New York Daily News

March 1, 2002

Daily New Front PageEx-Cops Cleared In Louima Case Federal appeals court pitches civil rights convictions

In a stunning reversal, the convictions of three cops accused in the torture of Haitian immigrant Abner Louima were swept aside yesterday by a federal appeals court.

The three-judge panel unanimously tossed out the guilty verdict against ex-cop Charles Schwarz on charges he held Louima down during the attack in a Brooklyn stationhouse bathroom — clearing the way for a blockbuster new civil-rights trial.

The judges went even further with Thomas Bruder and Thomas Wiese, clearing the former officers along with Schwarz of trying to cover up one of the worst police brutality cases in U.S. history.


"I'm very upset," said Louima, 35, who won an $8.7 million settlement and now lives outside Miami. "I [had hoped] to leave that thing behind me and get on with my life. But unfortunately it seems that is not the case."

Schwarz and ex-cop Justin Volpe were convicted of civil-rights violations stemming from the brutal sodomy of Louima.

Justin Volpe  
Justin Volpe is serving a 30-year sentence.  

Volpe, who pleaded guilty to assaulting Louima with a broken stick inside the 70th Precinct stationhouse in Flatbush, is serving a 30-year prison sentence.

At a second trial, Schwarz, Bruder and Wiese were convicted of conspiring to cover up Schwarz's role in the attack.

Schwarz, 36, who had been serving a 15-year sentence at an Oklahoma prison, plans to ask for bail and could be free as early as next week.

"It's like a dream," said his wife, Andra.

Brooklyn U.S. Attorney Alan Vinegrad said in a terse statement that he accepted the decision but vowed to retry Schwarz.

Conflict Cited

The appeals panel ruled that Schwarz got a raw deal in the first trial because his lawyer never tried to point the finger at Wiese or some other cop.

  Charles Schwarz
  Charles Schwarz

Instead, lawyer Stephen Worth stuck to a line of defense that Volpe acted alone — possibly because the attorney had a $10 million contract to represent the police union. Implicating Wiese or other cops could have left the union vulnerable to a larger civil suit.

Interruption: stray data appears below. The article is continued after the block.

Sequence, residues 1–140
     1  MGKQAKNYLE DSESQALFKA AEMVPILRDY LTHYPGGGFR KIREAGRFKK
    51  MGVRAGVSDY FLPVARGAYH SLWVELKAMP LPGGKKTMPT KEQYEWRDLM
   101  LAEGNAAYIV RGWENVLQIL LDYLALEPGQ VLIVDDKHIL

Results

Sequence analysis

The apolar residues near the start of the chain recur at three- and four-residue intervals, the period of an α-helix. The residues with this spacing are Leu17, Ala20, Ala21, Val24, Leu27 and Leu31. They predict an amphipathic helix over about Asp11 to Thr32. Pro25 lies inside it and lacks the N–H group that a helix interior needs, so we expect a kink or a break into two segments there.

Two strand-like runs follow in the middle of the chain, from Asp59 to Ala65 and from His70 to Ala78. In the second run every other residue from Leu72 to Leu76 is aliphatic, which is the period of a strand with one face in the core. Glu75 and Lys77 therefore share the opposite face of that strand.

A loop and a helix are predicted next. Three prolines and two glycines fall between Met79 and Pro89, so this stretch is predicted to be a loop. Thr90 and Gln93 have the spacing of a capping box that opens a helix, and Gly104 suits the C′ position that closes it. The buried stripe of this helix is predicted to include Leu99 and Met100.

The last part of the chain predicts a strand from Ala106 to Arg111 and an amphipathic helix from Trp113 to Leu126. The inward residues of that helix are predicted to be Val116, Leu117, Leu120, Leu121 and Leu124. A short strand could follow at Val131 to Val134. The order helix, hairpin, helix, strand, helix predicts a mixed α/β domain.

"This conflict would seem to be the only possible explanation for why Worth did not pursue the strategy of implicating Wiese," Judge John Walker wrote in the decision.

Louima was not able to identify Schwarz as the second cop. And Volpe, after admitting his guilt, has said that Wiese — not Schwarz — was in the bathroom with him, doing nothing to aid or stop the assault.

In the sharply worded 68-page decision, the judges also cited evidence that some jurors improperly learned that Volpe confessed that another cop had been in the bathroom with him.

Although the jurors did not know the identity of the second cop, "the combined effect resulted in the worst of all possible worlds for Schwarz's defense," the decision said.

On the conspiracy charges, the judges agreed there was evidence the three cops "agreed generally to impede investigators by putting forth ... a false version of what occurred."

Thomas Bruder  
Thomas Bruder  

However, the court ruled there was no evidence the three specifically intended to obstruct the federal grand jury.

Wiese and Bruder, who had been free on bail pending the appeals, celebrated the decision with family and friends at their Long Island homes.

"It's been five long years, and justice has finally been served," said Bruder, 35.

"I'm happy I've got my life back," said Wiese, 39.

The two cops said they don't know whether they will try to get their NYPD jobs back, but the police union said they should be considered for reinstatement. If rehired, the cops could be tried at a departmental hearing where the burden of proof is much lower than in a criminal case.

  Thomas Wiese
  Thomas Wiese

Louima shocked the nation when he accused cops of sexually attacking him after he was arrested outside a Brooklyn nightclub Aug. 9, 1997.

He suffered a ruptured bladder and colon and spent two months in the hospital as outrage grew over the attack and cops who hid behind a blue wall of silence.

Louima's supporters quickly denounced yesterday's ruling and threatened to call for new protests if prosecutors don't move quickly to retry Schwarz.

"This is a miscarriage of justice," said the Rev. Al Sharpton. "Society will clearly not sit by and tolerate this."

At a House hearing, Rep. Jose Serrano (D-Bronx) asked Attorney General John Ashcroft to appoint a special prosecutor to probe the appeals court ruling.

Ashcroft made no commitment, but said, "these are matters of great concern to us."

Mayor Bloomberg once again found himself confronted by the echo of a court case that ripped the city apart. On Jan. 7, the same appeals court overturned guilty verdicts against two black men in the killing of a Jewish man during the 1991 Crown Heights riots.

"This case will take its course," Bloomberg said. "But our efforts at healing these wounds and repairing the broken trust can never end."